Tony Ryan

on Friday, 01 June 2012. Posted in Leadership Interviews

Tony Ryan
Author of Thinkers Keys

Tony Ryan is an educational consultant and writer, and offers professional support to school organisations throughout the world on issues such as change leadership, lifelong learning and quality classroom practice. He has presented numerous keynotes and workshops at state, national and world conferences in the past 15 years. 

He is the author of the Thinkers Keys program, which was released in an earlier paper-based format, and is available for free at www.tonyryan.com.au. The latest updated version is available for sale at the same site. 

Tony has been engaged as a teacher-in-residence in over 400 schools throughout Australia, New Zealand and Asia. In this role, he teaches extensively, and offers guidance to teachers with their everyday practice. Many of his ideas used in his work can be found in his blog at http://tonyryan.edublogs.org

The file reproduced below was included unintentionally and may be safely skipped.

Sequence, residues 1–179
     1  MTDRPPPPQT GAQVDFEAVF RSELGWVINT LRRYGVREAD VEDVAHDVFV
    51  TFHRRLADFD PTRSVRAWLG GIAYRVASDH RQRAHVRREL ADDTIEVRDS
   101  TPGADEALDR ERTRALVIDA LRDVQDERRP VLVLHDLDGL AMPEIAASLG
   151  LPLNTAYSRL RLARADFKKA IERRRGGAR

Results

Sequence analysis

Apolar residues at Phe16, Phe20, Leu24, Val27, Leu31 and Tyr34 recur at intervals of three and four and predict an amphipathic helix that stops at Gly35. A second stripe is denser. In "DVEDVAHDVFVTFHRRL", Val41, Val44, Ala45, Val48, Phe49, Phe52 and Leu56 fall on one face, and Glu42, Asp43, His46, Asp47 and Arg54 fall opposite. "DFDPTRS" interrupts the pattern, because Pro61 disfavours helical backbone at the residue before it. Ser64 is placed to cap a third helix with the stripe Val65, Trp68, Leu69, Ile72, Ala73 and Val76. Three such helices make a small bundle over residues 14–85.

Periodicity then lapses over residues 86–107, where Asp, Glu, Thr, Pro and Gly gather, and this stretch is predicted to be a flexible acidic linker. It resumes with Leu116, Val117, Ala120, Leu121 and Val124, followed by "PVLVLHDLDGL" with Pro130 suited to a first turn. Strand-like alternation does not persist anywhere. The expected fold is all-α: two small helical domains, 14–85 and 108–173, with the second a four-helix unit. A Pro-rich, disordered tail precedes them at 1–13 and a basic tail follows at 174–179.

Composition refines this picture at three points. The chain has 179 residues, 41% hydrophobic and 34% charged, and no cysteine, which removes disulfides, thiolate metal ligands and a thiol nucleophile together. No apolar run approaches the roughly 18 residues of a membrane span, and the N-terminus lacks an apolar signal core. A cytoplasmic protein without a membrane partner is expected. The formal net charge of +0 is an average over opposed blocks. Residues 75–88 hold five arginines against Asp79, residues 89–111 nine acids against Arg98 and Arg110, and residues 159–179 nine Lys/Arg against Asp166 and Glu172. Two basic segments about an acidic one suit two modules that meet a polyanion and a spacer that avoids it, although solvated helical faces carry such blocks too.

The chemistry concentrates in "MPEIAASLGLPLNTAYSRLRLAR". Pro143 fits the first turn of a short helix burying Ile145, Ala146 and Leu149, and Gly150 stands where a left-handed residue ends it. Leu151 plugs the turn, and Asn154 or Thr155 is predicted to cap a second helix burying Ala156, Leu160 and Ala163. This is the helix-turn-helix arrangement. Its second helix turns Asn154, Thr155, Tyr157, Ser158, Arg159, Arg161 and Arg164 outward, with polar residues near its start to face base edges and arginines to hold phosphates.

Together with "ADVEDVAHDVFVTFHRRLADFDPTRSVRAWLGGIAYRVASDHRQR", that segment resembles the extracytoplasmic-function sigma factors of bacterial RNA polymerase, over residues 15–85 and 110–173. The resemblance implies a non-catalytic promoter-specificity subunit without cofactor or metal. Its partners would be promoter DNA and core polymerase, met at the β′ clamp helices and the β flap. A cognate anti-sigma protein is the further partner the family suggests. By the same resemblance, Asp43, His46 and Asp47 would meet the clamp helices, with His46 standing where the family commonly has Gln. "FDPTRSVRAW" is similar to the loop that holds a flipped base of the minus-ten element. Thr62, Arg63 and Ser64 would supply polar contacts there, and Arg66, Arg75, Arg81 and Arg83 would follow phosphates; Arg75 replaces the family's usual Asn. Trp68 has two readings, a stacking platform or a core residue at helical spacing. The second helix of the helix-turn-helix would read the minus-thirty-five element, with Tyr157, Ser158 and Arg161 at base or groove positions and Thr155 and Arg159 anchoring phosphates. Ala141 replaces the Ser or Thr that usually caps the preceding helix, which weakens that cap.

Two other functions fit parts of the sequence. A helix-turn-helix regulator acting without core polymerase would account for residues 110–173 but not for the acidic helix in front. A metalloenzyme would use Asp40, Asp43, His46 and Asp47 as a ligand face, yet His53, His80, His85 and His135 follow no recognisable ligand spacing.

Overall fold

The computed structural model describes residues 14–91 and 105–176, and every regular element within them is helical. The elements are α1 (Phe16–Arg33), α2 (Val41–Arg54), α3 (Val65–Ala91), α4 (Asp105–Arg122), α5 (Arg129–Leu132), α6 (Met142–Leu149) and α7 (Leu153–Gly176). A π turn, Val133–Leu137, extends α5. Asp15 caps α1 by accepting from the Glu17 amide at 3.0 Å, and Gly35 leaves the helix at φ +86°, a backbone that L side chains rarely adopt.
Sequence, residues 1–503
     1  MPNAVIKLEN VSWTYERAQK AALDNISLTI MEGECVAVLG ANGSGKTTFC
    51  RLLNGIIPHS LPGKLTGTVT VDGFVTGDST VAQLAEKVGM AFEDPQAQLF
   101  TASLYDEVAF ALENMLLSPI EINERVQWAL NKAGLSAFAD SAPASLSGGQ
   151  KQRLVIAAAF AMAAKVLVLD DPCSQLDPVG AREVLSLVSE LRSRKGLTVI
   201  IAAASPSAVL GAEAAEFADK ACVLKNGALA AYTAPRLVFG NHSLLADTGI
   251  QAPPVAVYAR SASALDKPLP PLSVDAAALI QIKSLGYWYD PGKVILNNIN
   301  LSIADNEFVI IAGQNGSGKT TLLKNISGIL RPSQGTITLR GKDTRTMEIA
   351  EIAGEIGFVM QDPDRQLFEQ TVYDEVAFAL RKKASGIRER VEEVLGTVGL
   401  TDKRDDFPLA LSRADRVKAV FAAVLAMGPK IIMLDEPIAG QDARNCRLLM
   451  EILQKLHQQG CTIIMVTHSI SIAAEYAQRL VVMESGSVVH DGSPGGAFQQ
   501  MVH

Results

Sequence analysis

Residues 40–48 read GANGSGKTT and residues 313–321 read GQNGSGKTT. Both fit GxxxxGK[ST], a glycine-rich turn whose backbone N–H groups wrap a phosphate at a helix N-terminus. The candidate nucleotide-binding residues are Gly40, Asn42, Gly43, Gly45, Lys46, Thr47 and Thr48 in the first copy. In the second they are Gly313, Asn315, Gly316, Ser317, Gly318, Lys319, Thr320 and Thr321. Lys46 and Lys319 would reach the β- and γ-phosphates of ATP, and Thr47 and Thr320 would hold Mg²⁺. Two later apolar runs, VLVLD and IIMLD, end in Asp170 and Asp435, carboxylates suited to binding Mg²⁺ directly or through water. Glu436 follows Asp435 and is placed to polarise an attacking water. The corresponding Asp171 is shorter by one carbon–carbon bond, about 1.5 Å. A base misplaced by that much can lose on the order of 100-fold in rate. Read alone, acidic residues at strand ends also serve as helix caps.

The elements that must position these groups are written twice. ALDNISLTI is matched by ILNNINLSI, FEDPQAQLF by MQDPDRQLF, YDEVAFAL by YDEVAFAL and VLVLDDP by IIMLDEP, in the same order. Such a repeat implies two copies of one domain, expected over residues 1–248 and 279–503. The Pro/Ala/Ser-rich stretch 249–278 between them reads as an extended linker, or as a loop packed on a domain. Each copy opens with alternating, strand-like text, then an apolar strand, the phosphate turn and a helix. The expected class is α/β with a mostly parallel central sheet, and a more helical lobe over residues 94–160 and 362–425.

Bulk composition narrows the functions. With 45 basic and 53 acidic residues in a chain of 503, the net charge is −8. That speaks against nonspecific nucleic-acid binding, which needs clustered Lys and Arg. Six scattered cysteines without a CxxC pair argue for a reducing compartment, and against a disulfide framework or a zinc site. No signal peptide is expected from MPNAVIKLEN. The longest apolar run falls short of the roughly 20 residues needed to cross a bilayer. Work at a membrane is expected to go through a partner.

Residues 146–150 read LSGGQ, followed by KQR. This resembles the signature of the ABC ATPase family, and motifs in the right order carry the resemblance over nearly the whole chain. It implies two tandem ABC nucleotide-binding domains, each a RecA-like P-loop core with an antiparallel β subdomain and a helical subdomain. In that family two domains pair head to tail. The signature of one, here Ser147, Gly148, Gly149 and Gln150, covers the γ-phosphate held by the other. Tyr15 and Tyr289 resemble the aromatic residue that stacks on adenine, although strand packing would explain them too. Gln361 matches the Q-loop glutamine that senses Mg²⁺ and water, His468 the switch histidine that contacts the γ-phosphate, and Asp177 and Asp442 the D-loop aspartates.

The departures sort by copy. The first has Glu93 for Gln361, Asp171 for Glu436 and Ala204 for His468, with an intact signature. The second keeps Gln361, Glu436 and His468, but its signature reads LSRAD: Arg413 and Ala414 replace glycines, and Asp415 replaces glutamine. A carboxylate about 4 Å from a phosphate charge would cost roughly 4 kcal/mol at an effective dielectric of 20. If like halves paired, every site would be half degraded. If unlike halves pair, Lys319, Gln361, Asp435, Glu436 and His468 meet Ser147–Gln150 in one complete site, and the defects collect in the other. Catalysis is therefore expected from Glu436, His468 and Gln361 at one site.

Tony is a director of School Aid (www.schoolaid.org.au), a non-profit charity that supports all school systems in Australia to provide support in times of global crisis.

Interview with Tony Ryan

Can you describe what are the 20 Thinkers Keys and the purpose behind the concept?

I wanted to clarify 20 (and only 20) specific thinking strategies that could cover the full gamut of thinking. Some are very specifically within the critical domain; others are outrageously creative. The earlier version were very concise; the 2006 version expanded upon them somewhat, and altered quite a few of the original Keys. Their purpose has always been to deeply infuse thinking within the curriculum. The meta-purpose: To create a future society that can think for themselves, rather than to believe everything that is offered through the media.